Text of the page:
The Russian Geographical Society was established by the highest authority of Nicholas I in 1845. The original idea of creating the Society belonged to Admiral Litke, the mentor of the great Duke (Kniaz) Konstantin, who later became the first Chairman of the Society. "Bringing together and enabling the brightest youth to explore the homeland" was the goal of the new organisation.
Great explorers (Litke, Krusenshtern, Wrangel, Rickord), members of the St. Petersburg Science Academy (Ber, Struev, Gelmersen, Keppen), great army leaders (Berg, Vronchenko, Muraviev) as well as aristocrats (Dal, Odoevsky) were among those who established the Society.
In the words of Semyonov Tyan-Shansky, a great traveller and politician, the core of the Society is being "open to all of those who love our homeland and believe in the great future of our country and people".
Since the day it was founded, the Society never stopped its work. It did however change the name, working under the original name from 1845–1850, 1917–1926 and from 1992 until now. Between 1850 and 1917 it was called the "Imperial Society", in Soviet times it had two different names- "State Geographical Community" (1926–1938) and "Geographical community of the USSR" (1938-1992).
Many great people led the Society during its history, from the Dukes to famous explorers, travellers and state leaders. Across the years the Society was run by: Great Dukes Konstantin Nikolaevich (1845–1892) and Nikolai Mikhailovich (1892–1917). Among the Vice Chairs were: Litke (1845–1850, 1857–1872), Muraviev (1850–1856), Semyonov Tyan-Shansky (1873–1914) and Shokalsky (1914–1917). From 1931 the Society was led by Vavilov (1931–1940), Berg (1940–1950), Pavlovsky (1952–1964), Kalesnik (1964–1977), Treshnikov (1977–1991), Lavrov (1991–2000), Seliverstov (2000–2002), Komaritsin (2002–2009) and Shoigu (2009 – currently).
The RGO greatly contributed to the exploration of the European part of Russia, the Urals, Siberia, the Far East, the Caucasus, Iran, India, New Guinea and the Polar countries as well as other territories. Many great travellers took part in these explorations: Severtsov, Mushketov, Przhevalsky, Potanin, Pevtsov, Grumm-Grzhimailo, Semyonov Tyan-Shansky, Obrutchev, Kozlov, Miklukho-Maklay, Veikov, Berg and many others.
The Society was traditionally very close to the navy and marine expeditions. Many great marine explorers were active members of the Society, Anzhu, Zavoiko, Zagoskin, Lisyansky, Matushkin, Nevelsky, Posiet and Makarov among others.
At the time of the Empire, Honorary Members of the Society were chosen among foreign Royal Families, such as Leopold the Second, Turkish Sultan Abdul and British Prince Albert and the King of Belgium, a friend of Semyonov Tyan-Shansky. Foreign explorers and geographers such as Baron Ferdinand Richtgofen, Roald Amundsen, Fridtjof Nansen were also among the Honorary Members.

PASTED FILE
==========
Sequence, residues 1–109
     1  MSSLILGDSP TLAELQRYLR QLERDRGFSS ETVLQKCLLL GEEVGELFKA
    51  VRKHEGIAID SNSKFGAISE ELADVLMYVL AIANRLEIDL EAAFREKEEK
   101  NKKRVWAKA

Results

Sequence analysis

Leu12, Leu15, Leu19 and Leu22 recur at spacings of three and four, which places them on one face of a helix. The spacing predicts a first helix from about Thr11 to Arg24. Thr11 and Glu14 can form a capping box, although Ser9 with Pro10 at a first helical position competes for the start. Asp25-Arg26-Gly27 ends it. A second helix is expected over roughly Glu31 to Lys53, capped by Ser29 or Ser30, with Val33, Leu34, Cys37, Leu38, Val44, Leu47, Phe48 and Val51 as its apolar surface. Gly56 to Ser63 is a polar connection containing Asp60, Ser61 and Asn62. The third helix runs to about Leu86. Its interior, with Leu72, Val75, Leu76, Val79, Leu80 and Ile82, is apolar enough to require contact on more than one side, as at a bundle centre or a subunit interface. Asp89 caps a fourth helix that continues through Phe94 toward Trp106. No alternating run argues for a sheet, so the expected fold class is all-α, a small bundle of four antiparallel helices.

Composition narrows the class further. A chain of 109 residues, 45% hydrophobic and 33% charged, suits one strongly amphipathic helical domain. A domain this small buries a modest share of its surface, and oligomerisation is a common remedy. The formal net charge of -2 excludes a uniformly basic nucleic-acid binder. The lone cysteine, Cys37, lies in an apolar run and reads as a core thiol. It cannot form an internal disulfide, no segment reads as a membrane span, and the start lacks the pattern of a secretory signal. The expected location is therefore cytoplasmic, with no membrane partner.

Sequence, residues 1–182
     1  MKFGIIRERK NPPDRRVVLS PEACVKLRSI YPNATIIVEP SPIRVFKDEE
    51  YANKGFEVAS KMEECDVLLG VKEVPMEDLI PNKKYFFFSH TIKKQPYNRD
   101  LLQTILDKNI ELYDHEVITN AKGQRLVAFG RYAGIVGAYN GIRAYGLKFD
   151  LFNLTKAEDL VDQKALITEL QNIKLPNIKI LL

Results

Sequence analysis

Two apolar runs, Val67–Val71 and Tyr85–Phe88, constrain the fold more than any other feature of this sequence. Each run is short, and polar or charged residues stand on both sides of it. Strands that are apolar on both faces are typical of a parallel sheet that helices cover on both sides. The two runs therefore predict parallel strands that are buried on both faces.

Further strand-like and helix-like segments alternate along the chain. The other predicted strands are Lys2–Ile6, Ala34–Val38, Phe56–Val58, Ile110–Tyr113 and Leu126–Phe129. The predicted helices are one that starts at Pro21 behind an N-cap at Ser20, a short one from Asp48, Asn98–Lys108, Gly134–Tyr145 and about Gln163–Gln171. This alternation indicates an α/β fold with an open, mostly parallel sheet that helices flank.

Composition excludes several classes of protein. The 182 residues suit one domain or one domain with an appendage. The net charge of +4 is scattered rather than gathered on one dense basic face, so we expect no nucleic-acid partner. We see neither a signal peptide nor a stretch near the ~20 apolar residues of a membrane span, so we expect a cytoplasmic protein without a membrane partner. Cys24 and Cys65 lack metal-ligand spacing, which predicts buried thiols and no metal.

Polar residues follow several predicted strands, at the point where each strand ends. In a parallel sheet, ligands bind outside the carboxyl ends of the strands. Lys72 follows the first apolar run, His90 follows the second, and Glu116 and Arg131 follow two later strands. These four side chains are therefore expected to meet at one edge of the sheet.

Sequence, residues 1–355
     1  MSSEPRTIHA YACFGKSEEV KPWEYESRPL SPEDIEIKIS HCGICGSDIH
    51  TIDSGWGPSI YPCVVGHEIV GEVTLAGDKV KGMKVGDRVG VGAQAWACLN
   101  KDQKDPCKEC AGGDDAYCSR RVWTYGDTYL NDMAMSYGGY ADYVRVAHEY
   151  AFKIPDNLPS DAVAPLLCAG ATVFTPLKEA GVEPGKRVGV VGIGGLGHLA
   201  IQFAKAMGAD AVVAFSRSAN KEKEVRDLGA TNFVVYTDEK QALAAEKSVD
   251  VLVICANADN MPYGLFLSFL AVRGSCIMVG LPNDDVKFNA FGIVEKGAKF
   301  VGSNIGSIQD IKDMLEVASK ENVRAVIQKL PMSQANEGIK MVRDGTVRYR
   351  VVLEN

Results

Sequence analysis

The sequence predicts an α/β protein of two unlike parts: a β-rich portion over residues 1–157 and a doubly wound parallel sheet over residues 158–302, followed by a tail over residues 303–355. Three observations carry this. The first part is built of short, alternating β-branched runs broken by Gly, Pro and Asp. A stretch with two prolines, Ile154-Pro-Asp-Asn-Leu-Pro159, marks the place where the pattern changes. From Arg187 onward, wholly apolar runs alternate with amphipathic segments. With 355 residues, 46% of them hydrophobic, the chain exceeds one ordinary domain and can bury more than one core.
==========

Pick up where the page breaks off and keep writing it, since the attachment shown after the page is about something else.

Merchant Golubkov and tobacco producer Zhukov were the biggest philanthropists who supported the Society with sizeable donations. One of the most prestigious awards of the Society is named after Zhukov.
Gold miners Sibiriakovi also had a special place among the supporters of the Society and financed several expeditions and educational projects.
In 1851 two regional offices were opened in Tiflis and Irkutsk. Later more regional offices which conducted local research were opened: Orenbugskiy, North-Western in Vilno, South-Westert in Kiev, South-Siberain in Omsk, Priamurskiy in Khabarovsk and Turkestanskiy in Tashkent. By 1917 the Society had 11 regional offices, including the headquarter in Saint Petersburg, 2 subdivision and 4 divisions.
In Soviet times the Society was focused on smaller-scale, more focused regional research. Society expanded significantly and between 1989-1992 the Society had the Central office in Saint Petersburg as well as 14 Republican ones. At this point there were 18 branches, 2 bureaus and 78 divisions.
The Russian Geographical Society laid the foundations of national reservations. The Nature Preservation commission, founded by academic Borodin, had the initial idea for the first Specially Protected Natural Area.
Creation of the permanent Arctic commission of the Imperial Russian Geographical Society (IRGS) was one of the key milestones. Chukotskaya, Yakutskaya and Kolskaya expeditions were among the projects of the Commission. Scientist Mendeleev developed several Arctic exploration projects. RGO was among the organisers of the first international Polar year, stations at the estuary of river Lena and on the Novaya Zemlia island were created during this time.
In 1918 the world's first Geographical University was founded with the support from the RGO. The following year, one of the most famous members of the society, Semyonov Tyan-Shansky founded the first Russian Geographical museum. At the peak times of the museum, its collections were on the third place after Hermitage and the Russian museum.
In Soviet times, the Society was promoting geographical knowledge by establishing a special commission, council and an auditorium.
In November 2009 Sergey Shoigu was chosen to become the President of the Society. Board of Trustees was selected and President Vladimir Putin is the Chairman of the Board.
Today the Society has around 13 000 members in Russia and abroad. Regional offices are now present in all 83 Russian regions.
Russian Geographical Society currently focuses its activities on expeditions and studies, education and awareness programs, environmental protection and publishing.
The RGO is a non for profit organisation and does not receive state funding.